Sunday, August 30, 2009

Most overrated businesses... a new list

The Yahoo Small Business Answers Center sponsored by Bank of America has a recent article by Kelly K. Spors and Kevin Salwen titled: The 7 Most Overrated Businesses
It is a good update of what my business and university business school teaching has suggested to me, with some updates. What do you think?

In an earlier post, I mentioned that recessions can be a great time to start a business... but it must be a right business for you, and where you are. They mention this circumstance, as well. Here are their 7:

1. Restaurants - has always been my first, as well, along with bars. They quoted "60% of restaurants close in the first three years" (2003 study at Ohio State University) vs. roughly half of all start-ups in five years - the classic small business statistic.
2. Direct Sales - hasn't everybody tried this, at one time or another?
3. Online Retail - one of the "new" ones - by the way, there are millions of them...
4. High-End Retail - SBA notes they fail at much higher rate than non-specialty stores.
5. Independent Consulting - their quote: "A successful consulting firm needs people to find the work, grind out the work and mind the work. Unless you know you can do all three yourself, you potentially expose your business to great risk." I concur, from personal experience.
6. Franchise Ownership - a 1995 study by a researcher at Wayne State University found that 62% of franchises were open for business after four years, they note, and franchises were also found to be less profitable in those early years. I've been there, done that. True!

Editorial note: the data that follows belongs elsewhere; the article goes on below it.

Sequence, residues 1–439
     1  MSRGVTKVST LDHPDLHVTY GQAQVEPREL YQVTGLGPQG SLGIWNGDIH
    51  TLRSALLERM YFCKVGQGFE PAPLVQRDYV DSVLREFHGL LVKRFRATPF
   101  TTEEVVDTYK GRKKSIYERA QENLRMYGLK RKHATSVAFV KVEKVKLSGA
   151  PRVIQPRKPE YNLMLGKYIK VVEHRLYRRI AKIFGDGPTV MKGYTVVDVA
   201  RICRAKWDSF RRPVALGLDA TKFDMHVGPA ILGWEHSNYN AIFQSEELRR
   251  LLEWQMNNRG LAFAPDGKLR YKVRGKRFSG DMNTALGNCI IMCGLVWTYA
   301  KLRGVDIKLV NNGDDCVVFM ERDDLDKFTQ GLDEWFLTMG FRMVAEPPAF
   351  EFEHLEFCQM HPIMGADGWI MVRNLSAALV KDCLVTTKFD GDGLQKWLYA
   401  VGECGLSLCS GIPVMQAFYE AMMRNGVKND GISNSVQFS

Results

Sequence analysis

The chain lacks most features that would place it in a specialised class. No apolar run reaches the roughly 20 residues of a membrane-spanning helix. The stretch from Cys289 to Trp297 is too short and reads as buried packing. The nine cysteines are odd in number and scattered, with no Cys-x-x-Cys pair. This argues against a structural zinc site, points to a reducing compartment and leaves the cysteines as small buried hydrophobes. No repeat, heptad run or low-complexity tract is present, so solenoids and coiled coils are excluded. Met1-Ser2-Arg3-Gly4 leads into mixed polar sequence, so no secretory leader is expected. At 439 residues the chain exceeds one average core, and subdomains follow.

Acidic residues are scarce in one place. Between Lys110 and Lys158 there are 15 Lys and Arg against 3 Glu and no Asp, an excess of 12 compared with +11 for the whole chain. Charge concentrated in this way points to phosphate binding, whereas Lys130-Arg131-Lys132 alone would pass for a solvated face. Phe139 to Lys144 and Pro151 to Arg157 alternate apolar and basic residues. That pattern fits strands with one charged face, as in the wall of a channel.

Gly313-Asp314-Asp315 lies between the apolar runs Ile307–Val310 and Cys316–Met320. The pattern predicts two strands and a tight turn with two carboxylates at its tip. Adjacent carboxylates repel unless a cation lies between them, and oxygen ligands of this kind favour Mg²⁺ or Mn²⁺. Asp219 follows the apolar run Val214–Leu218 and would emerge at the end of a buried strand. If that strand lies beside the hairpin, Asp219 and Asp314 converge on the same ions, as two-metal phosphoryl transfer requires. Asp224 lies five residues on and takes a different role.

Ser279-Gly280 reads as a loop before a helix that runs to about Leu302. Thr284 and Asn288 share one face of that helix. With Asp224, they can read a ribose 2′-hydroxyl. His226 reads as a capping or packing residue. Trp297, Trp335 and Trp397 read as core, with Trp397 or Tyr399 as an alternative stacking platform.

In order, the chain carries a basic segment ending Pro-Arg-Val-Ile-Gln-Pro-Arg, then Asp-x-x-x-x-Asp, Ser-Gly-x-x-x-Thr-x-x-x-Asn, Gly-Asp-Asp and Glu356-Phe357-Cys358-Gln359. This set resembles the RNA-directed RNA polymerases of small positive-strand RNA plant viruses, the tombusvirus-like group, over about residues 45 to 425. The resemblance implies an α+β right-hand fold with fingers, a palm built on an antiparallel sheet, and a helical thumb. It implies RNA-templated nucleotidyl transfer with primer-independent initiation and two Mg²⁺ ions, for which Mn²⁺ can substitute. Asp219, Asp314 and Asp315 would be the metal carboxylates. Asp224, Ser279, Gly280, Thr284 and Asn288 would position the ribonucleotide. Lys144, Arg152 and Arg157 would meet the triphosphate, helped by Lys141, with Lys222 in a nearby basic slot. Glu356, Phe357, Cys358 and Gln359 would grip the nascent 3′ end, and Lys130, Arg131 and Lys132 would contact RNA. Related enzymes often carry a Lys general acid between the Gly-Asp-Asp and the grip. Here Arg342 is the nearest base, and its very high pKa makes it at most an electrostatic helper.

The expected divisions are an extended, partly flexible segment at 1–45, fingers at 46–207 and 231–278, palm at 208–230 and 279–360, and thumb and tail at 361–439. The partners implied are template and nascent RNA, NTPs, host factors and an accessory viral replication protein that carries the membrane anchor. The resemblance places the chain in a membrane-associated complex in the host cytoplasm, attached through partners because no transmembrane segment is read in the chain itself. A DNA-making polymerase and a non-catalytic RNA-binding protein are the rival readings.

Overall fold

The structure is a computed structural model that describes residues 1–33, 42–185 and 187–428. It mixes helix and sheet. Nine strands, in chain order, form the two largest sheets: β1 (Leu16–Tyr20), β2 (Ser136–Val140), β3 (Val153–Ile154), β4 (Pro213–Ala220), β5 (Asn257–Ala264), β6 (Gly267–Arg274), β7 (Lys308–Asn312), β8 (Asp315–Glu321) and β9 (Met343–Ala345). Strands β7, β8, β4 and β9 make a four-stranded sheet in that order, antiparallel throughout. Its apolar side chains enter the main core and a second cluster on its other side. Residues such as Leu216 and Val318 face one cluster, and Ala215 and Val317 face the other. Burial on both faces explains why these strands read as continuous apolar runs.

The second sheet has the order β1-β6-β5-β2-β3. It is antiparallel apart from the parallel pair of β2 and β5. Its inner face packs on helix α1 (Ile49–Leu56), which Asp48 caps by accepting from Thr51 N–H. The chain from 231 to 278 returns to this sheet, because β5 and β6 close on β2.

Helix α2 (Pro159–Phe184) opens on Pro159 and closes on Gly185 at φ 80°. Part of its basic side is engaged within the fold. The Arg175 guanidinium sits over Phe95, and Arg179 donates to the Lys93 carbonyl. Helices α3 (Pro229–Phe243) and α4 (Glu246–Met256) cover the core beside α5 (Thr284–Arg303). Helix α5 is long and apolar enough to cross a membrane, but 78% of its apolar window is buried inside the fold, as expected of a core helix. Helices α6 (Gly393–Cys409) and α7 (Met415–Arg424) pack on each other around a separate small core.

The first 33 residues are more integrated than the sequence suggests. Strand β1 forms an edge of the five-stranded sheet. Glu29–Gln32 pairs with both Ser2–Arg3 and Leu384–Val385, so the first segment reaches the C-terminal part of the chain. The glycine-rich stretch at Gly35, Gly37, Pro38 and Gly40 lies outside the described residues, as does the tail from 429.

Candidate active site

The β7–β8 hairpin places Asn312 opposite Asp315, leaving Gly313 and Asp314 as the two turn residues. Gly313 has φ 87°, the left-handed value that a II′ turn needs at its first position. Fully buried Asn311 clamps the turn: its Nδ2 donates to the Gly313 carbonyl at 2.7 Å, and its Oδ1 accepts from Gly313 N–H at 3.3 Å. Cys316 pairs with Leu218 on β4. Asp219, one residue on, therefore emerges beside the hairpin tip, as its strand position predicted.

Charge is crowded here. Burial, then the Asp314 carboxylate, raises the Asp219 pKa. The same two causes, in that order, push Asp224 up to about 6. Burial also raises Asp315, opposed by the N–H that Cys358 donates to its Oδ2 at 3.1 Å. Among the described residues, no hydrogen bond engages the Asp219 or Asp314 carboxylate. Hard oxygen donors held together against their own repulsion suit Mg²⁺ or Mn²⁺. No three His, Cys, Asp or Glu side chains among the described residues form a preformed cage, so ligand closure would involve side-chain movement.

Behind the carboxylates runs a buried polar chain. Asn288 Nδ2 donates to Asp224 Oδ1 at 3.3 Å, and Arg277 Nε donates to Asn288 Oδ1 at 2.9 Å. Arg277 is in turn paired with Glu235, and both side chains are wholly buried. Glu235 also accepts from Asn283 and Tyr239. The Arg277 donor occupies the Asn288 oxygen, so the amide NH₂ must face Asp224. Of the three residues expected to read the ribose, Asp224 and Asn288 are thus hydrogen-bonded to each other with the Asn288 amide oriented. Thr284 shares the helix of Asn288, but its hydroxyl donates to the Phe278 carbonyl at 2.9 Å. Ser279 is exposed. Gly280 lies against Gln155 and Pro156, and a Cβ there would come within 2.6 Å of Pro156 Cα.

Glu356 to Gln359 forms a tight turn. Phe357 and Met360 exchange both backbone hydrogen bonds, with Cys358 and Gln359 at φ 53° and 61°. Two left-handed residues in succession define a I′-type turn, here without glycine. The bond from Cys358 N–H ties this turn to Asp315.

7. Traffic-Driven Web Sites - another new one. To have any chance of success, a $50 million investment is a minimum, one start-up consultant says. Does that, perhaps, eliminate most of us??

I enjoyed this update of one of my favorite subjects.

What are your thoughts? I'd love to hear from you!

Dr. Bill - I love to share, I hope you do to! ;-)

Friday, August 28, 2009

Are these words outdated for the office?

A recent article provided by Business Week, by Carolyn Duffy Marsan, suggests there are now:
"12 Words You Can Never Say in the Office" without looking out of date. What do you think?

1. Intranet
2. Extranet
3. Web Surfing
4. Push Technology
5. Application Service Provider (ASP)
6. Personal Digital Assistant (PDA)
7. Internet Telephony
8. Weblog
9. Thin Client
10. Rboc
11. Long-Distance Call
12. World Wide Web

What are your thoughts? I'd love to hear from you!

Dr. Bill - I love to share, I hope you do to! ;-)

Monday, August 24, 2009

Getting Down to Business

The students in my online Entrepreneurship class were recently asked the following questions, that I took from the text, noted below:

“Getting Down to Business”
1) Can you handle uncertainty?
2) Are you energetic?
3) Do you believe in yourself and your abilities?
4) Can you handle reversals and failures well?
5) Are you passionate about your goals and vision?
6) Are you good with other people?
7) Are you adaptable?
8) Are you willing to take risks or leaps of faith?

[From page 32-33 of the text: entrepreneurship: A Process Perspective, 2e; by Robert A. Baron and Scott A. Shane; 2008; Thomson*South-Western Publishers; ISBN 0-324-36558-6]

How would you respond to these questions?
Do the answers help you evaluate whether or not you might be good at starting a new business? Why or why not?

What are your thoughts? I'd love to hear from you!

Dr. Bill - I love to share, I hope you do to! ;-)

Thursday, August 13, 2009


As I prepare to teach my fall on-line class on Entrepreneurship I cannot help but wonder if the current economic environment will again be a natural incubator for entrepreneurship - or will the severity and indeterminate length of this downturn be more of a deterrent to the formation of new ventures? Only time will tell, of course, but speculation is a worthwhile activity to assist in monitoring the upcoming activities.

My first thought would be that many start-ups have been delayed, but as the recession continues, with the signs of the end we are beginning to see... even though down the road a bit, we will begin to see a sharp upward increase in new ventures. There is built-up desire and need; will there be some particular "event" that will trigger the final decision? Are financial institutions ready to support new business; business expansion? Are customers prepared to "take a chance" on new businesses?

What are your thoughts? I'd love to hear from you!

Dr. Bill - I love to share, I hope you do to! ;-)